There was once a very rich man who had in his castle an incomparable collection of beautiful things. He loved them, and would spend hours in his galleries and libraries, and amongst his showcases. There were paintings before which he would stand, lost in the world that they depicted or suggested, whether the painting was an intricate interior, a landscape, or a mere splash of primary colour. There were ancient musical instruments which, when he plucked, struck, or blew them, released into the room tones that had never been heard for centuries – he had a lyre, for example, that was said to have been carried to hell and back by a minstrel looking for his lover. There were statues so beautiful that the urge to kiss their lips was almost irresistible – one of them was so beguiling that the sculptor had fallen in love with it himself, and gone mad when his love remained unrequited. There were books of poetry, philosophy, and fable that transported the reader between all the realms of Fun and Profundity. There were weapons that the heroes of the world had wielded in defence of the weak and in pursuit of the wicked – there was a bow said to have been strung by a demiurge and drawn by a demigod. There were machines that were marvels of ancient and modern invention – each one had changed the world when they had been introduced. There were jewels, royal regalia from the past, emerald rings that burned brighter than forest sunlight, jade necklets that seemed warm to the touch as though the emperor who had worn them had only just taken them off – the, scepters, orbs, diadems, and touchstones of the most enlightened princes and the most terrible tyrants.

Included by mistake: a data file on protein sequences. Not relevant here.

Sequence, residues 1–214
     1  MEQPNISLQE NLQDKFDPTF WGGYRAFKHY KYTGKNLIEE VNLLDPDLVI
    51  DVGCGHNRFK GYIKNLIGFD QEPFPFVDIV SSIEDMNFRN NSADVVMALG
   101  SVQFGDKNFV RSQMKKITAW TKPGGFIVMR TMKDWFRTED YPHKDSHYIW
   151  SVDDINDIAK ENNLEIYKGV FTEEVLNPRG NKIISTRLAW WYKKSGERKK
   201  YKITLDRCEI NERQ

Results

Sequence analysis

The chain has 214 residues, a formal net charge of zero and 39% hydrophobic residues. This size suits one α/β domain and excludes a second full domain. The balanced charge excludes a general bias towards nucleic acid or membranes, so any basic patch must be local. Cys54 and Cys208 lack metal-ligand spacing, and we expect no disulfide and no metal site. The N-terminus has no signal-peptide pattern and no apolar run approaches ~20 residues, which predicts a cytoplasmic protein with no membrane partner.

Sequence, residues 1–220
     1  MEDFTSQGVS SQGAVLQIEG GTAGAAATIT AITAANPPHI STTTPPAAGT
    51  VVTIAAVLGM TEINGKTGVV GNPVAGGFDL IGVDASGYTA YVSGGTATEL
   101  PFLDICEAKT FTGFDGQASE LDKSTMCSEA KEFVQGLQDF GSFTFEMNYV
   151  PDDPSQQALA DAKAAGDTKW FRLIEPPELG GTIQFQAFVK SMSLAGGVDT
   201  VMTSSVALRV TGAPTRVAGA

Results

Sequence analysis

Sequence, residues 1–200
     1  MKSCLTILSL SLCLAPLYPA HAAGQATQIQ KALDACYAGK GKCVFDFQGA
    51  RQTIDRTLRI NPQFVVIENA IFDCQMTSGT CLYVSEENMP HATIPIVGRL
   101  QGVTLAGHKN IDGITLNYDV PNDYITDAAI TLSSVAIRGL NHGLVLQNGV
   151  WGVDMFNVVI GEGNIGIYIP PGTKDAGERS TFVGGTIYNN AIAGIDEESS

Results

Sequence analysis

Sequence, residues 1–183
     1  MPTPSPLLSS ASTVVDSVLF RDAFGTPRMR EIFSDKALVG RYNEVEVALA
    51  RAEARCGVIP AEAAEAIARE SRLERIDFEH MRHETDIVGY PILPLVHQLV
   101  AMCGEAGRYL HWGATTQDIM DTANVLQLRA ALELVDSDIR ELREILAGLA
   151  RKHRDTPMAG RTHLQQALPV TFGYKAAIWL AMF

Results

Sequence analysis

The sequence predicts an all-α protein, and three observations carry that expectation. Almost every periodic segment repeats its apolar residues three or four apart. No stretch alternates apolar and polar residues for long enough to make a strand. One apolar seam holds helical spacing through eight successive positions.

There was just one thing he lacked, something which he coveted and desired beyond all else. He had heard of the vanished civilisation of Aë, which some men say flourished thousands of years ago and others say is legend. He had been told how their last artefact – a manuscript that contained everything that gave joy and wisdom – had come down through the ages, or indeed had never existed. Rumour had reached him that this manuscript, which had been lost, was now found, and was circulating amongst men, or was so in someone’s drunken dream.